3D Object Detection (3D Bounding Boxes) in Python with MediaPipe Objectron

3D Object Detection (3D Bounding Boxes) in Python with MediaPipe Objectron


Object detection has been gaining steam, and improvements are being made to several approaches to solving it. In the past couple of years, YOLO-based methods have been outperforming others in terms of accuracy and speed, with recent advancements such as YOLOv7 and YOLOv6 (which was released independently, after YOLOv7).

However - all of these are concerning 2D object detection, which is a difficult task in and of itself. Recently, we've been able to successfuly perform 3D object detection, and while these detectors are still at a more unstable stage than 2D object detectors, their accuracy is rising.

In this guide, we'll be performing 3D object detection in Python with MediaPipe's Objectron.

Note: MediaPipe is Google's open source framework for building machine learning pipelines to process images, videos and audio streams, primarily for mobile devices. It's being used both internally and externally, and provides pre-trained models for various tasks, such as face detection, face meshing, hand and pose estimation, hair segmentation, object detection, box tracking, etc.

All of these can and are used for downstream tasks - such as applying filters to faces, automated camera focusing, biometric verification, hand-controlled robotics, etc. Most projects are available with APIs for Android, iOS, C++, Python and JavaScript, while some are only available for certain languages.

In this guide, we'll be working with MediaPipe's Objectron, available for Android, C++, Python and JavaScript.

MediaPipe and 3D Object Detection

The Objectron solution was trained on the Objectron Dataset, which contains short object-centric videos. The dataset only contains 9 objects: bikes, books, bottles, cameras, cereal boxes, chairs, cups, laptops and shoes, so it's not a very general dataset, but the processing and procurement of these videos is fairly expensive (camera poses, sparse point-clouds, characterization of the planar surfaces, etc. for each frame of each video), making the dataset nearly 2 terrabytes in size.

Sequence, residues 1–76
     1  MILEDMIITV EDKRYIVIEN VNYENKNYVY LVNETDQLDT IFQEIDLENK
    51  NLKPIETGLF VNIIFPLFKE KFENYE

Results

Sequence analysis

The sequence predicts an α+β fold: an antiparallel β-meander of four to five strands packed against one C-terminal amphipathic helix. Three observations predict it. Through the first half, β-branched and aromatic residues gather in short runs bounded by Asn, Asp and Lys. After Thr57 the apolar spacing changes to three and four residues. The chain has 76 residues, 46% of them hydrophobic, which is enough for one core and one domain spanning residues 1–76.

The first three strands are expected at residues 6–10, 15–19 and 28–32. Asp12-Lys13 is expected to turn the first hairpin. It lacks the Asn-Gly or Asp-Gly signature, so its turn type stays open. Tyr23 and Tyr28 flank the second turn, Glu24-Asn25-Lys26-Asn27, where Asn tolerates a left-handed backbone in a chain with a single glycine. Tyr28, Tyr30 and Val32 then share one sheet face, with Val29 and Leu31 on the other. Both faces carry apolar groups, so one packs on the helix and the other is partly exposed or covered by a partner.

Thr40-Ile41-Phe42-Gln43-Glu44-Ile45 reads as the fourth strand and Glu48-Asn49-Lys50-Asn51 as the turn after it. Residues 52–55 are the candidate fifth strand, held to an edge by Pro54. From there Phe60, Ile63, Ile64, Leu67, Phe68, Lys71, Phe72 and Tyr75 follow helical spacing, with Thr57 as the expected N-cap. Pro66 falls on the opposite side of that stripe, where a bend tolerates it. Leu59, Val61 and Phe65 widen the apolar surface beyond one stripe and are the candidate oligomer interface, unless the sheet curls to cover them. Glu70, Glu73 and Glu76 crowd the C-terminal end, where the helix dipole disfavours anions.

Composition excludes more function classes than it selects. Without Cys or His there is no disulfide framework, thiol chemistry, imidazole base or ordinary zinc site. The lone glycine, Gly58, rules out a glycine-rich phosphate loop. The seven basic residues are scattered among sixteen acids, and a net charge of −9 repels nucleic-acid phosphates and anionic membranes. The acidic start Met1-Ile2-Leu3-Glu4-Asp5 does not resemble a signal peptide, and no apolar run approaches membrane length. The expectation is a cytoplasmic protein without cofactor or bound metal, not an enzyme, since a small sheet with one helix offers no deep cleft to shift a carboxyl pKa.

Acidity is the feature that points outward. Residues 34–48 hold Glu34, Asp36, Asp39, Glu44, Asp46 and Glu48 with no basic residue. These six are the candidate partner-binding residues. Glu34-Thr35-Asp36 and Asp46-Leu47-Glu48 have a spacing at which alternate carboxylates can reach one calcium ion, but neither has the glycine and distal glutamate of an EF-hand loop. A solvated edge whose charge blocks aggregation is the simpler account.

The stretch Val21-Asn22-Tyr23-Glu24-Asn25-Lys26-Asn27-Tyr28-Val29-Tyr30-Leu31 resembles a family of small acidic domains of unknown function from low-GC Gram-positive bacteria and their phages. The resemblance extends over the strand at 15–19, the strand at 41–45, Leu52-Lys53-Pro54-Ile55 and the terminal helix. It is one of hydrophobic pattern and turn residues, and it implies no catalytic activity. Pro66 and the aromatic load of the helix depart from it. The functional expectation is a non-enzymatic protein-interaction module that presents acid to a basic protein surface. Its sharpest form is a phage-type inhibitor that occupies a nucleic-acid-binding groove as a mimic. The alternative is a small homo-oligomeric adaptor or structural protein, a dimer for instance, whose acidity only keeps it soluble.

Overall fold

The trained Objectron model (known as a solution for MediaPipe projects) is trained on four categories - shoes, chairs, mugs and cameras.

2D object detection uses the term "bounding boxes", while they're actually rectangles. 3D object detection actually predicts boxes around objects, from which you can infer their orientation, size, rough volume, etc. This is a fairly difficult task to take on, especially given the lack of appropriate datasets and the cost of creating them. While difficult, the problem holds promise for various Augmented Reality (AR) applications!

The Objectron solution can run in a one-stage or two-stage mode - where the one-stage mode is better at detecting multiple objects, while the two-stage mode is better at detecting a single main object in the scene, and runs significantly faster. The single-stage pipeline uses a MobileNetV2 backbone, while the two-stage pipeline uses the TensorFlow Object Detection API.

When an object is detected in a video, further predictions aren't made for it on each frame for two reasons: